Edit – Facebook?

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Ever thought of giving up Facebook? I have had different ideas about Facebook over the last few years – see here and here. In this article from The Age (15/7/13) Neha Prakash offers 8 valid reasons for considering unplugging and disconnecting. I wonder if it may be the internal, subconscious motivations of our heart that allow us to continue using Facebook, unalarmed or uncritical of the real impact it is having on our life. But if we are being honest, the motivation to deactivate your Facebook account is strong.
Some of the stand out ideas include:

On average, women spent 81 minutes per day Facebooking, and men spent 64 minutes.

 

Facebook is like a credit card – it encourages you to overspend in time you may not have.  

Facebook users, especially females, feel more body conscious by looking at friends’ online photos. 


Facebook envy also bolsters gossip and online bullying, which can only make those involved feel worse.  

So this week, at the start of a new school term it seems pertinent that I review and perhaps EDIT my online interactions. EDIT  –  how I use Facebook.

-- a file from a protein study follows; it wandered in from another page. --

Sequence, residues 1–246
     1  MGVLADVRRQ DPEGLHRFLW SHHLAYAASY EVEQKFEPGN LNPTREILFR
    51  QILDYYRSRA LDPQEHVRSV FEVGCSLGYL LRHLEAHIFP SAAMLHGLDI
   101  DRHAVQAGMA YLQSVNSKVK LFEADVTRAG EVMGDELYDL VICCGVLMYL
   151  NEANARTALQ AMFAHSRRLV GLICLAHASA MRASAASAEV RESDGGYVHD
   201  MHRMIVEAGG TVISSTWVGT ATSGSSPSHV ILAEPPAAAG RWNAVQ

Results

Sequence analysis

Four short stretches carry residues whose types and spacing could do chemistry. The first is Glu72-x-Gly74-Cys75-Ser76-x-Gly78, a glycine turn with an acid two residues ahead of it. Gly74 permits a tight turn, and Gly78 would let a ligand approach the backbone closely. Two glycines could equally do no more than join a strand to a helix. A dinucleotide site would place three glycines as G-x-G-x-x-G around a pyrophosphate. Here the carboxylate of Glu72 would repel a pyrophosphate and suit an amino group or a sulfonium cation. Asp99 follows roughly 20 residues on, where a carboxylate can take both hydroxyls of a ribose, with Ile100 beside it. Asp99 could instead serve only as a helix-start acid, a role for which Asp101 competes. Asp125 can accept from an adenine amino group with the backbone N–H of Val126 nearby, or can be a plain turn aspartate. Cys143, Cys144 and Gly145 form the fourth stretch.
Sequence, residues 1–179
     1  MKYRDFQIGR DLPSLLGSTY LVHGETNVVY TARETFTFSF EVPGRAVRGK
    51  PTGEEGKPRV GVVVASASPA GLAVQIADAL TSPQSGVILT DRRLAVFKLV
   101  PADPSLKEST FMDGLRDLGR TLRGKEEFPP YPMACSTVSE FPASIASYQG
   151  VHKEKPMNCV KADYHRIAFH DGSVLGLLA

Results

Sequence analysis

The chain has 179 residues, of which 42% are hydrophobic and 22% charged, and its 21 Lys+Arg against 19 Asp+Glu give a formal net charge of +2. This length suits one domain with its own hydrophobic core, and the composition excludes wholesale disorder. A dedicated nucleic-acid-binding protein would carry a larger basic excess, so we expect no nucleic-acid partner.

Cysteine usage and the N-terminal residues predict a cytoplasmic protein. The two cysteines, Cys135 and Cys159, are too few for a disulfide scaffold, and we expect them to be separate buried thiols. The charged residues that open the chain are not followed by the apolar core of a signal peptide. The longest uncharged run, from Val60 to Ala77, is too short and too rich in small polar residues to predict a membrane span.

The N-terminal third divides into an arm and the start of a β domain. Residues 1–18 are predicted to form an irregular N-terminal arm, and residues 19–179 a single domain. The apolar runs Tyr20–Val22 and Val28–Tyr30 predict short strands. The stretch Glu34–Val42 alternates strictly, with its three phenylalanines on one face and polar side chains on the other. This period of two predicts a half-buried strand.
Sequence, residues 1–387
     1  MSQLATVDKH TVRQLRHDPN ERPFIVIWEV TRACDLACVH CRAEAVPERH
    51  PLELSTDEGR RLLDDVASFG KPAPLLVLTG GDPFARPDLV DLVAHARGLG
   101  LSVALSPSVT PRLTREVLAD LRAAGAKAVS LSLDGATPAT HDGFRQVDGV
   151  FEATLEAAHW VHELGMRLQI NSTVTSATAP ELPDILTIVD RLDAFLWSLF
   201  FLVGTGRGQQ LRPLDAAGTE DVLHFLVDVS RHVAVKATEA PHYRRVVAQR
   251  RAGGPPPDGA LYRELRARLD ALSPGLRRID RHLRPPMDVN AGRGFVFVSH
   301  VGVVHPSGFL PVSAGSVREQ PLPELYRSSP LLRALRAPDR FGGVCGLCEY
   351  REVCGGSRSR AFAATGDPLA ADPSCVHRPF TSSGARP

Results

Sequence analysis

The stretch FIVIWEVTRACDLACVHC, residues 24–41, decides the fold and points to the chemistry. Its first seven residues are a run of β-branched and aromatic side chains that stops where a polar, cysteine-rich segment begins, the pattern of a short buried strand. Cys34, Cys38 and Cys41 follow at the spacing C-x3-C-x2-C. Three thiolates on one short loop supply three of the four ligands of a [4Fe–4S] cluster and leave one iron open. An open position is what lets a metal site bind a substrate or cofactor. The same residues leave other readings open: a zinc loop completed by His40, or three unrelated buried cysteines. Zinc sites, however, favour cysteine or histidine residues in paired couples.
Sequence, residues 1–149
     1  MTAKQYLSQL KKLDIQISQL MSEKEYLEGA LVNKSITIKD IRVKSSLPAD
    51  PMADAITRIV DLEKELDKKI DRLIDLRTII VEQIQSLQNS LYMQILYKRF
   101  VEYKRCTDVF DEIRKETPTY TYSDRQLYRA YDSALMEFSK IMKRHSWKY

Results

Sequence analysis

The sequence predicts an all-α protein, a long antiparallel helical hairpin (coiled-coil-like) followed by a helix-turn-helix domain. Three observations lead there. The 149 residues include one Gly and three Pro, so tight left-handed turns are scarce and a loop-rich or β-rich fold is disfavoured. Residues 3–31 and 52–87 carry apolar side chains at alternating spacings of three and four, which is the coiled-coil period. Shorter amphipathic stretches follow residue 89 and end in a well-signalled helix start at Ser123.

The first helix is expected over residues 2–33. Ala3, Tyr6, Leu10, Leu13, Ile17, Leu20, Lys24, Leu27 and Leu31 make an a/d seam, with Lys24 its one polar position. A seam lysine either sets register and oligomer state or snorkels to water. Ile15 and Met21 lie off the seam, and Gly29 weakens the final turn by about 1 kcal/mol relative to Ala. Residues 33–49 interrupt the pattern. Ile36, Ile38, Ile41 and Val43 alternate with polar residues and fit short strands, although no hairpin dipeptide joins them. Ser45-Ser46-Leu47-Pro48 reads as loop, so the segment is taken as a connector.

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Social Media Anxiety Disorder

The Scream, Edvard Munch
Social Media Anxiety Disorder. Apparently, 42 % of women surveyed admitted that Pinterest made them feel anxious. 


‘Pinterest culture can generate feelings of inadequacy by creating a pressure to throw elaborate birthday parties, attempt intimidating DIYs and bake picture-perfect cupcakes. Comparing the less pristine reality of motherhood to the polished sheen of online images may cause moms to worry about falling short if their culinary or crafting skills don’t seem to measure up.’

The ease by which we log onto Facebook and Instagram and update little images of our life has to be questioned. A ‘good’ life, family bliss and kid harmony is what you see on most social media sites. We rarely allow our ‘community’ or network to see us when we are exhausted, when we have failed as a parent, spouse or friend. There are no failed cupcakes pics on Pinterest or the family trip to the snow that was a shambles. The screaming and yelling as we push kids out the door to school, the constant negotiations over time out, house rules and homework are not our usual status updates.

SMAD seems to be yet another reason to reflect on our own online habits, our own online version of our lives and cast all our anxieties on the one who cares.

Cast all your anxiety on him because he cares for you. 1 Peter 5:7